H. J. Lawson - crook, or motoring pioneer?

Harry J. Lawson (christened Henry John Lawson) was a key figure in the beginnings of the British motor industry.

Born in London in 1852, after gaining an apprenticeship in engineering, Lawson's family moved to Brighton, Sussex. It was here that he began to develop his interest in cycles working with Mr. James Likeman and in 1874, he patented the first rear-chain-driven 'Safety' cycle.

By 1878 he moved to Coventry. His first position was for Haynes and Jefferis, makers of Smith & Starley's 'Ariel' bicycle, before he worked for George Woodcock's Rudge Cycle Company as Sales Manager. It was around this time that he introduced his 'Bicyclette' cycle.

Lawson began to engage more exclusively in the promotion of businesses during the 1880s, and this experience, coupled with the opportunities to make large commissions, saw that he would pursue such activities for the rest of his working life, except not without much controversy. In association with characters including E. T. Hooley and M. Rucker they began to float new companies, massively exaggerating their share prices.

In 1895 he established the British Motor Syndicate in order to attempt to completely monopolize the British motor industry. The next year saw the creation of the Great Horseless Carriage Company in Coventry, and soon after, the introduction of Lawson's most successful acquisition, that of the foundation of the Daimler Motor Company after buying the patent rights from F. R. Simms. Based at a large factory called The 'Motor Mills' Daimler became the first British mass manufacturer of motorcars, and soon, many more companies were established to make motorised transport in Coventry and elsewhere around the country.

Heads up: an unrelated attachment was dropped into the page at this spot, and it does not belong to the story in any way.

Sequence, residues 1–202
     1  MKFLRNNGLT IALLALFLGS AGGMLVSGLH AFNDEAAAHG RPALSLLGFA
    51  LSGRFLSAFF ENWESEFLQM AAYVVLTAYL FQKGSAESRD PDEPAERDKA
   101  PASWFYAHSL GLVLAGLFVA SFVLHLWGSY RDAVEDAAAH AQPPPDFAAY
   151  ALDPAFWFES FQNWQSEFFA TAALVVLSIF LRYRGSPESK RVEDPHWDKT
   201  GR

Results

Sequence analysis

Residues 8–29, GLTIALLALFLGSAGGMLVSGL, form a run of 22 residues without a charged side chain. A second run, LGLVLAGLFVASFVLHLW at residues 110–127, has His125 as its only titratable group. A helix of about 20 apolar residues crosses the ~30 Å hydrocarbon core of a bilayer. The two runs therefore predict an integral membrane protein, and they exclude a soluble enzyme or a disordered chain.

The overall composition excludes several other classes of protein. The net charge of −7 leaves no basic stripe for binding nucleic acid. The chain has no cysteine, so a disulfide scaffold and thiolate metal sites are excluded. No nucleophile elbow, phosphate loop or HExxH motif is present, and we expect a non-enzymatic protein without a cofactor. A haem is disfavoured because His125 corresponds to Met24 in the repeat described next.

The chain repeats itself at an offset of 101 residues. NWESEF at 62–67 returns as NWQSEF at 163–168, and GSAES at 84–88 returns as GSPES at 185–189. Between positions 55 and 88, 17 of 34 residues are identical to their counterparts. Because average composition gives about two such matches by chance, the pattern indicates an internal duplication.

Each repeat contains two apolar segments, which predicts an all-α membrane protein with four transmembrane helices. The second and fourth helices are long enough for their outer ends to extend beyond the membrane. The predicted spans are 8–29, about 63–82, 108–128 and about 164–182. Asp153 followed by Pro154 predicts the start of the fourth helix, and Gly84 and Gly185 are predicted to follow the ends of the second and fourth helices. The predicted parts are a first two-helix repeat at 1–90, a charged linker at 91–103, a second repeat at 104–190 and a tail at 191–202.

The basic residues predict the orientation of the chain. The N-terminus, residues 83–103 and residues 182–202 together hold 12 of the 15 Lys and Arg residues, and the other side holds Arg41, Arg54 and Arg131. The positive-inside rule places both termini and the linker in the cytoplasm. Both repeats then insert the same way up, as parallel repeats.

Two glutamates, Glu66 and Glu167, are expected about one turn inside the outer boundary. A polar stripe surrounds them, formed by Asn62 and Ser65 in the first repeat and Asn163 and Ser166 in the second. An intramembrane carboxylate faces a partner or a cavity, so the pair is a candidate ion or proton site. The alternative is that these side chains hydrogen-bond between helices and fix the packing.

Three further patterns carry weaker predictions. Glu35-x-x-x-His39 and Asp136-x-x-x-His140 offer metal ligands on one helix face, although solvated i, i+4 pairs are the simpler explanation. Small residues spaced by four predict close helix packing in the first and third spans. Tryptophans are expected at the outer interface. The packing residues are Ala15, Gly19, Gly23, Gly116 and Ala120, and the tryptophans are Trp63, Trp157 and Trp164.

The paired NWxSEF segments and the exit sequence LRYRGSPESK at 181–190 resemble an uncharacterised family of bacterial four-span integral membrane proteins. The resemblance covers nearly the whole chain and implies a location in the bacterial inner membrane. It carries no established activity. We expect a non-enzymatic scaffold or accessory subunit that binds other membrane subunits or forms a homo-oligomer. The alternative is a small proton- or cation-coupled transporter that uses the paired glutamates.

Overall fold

He then came into contact with the American E. J. Pennington, full of fanciful designs for various modes of transport. Many of these designs were brought to life at the Motor Mills after Lawson paid Pennington an estimated £100,000 for the manufacturing rights. Ultimately they proved a disaster and Pennington fled back to his homeland.

The beginning of Lawson's end came about in 1904 when he and E. T. Hooley were charged with conspiracy to defraud. Hooley was acquitted but Lawson was sentenced to one year’s hard labour.

He seemingly disappeared from the public eye for many years until 1915 when he once again tried to float another venture, this time the Bleriot Manufacturing Aircraft Company. This too was wound up the following year.

Lawson died in 1925 at Harrow, London.

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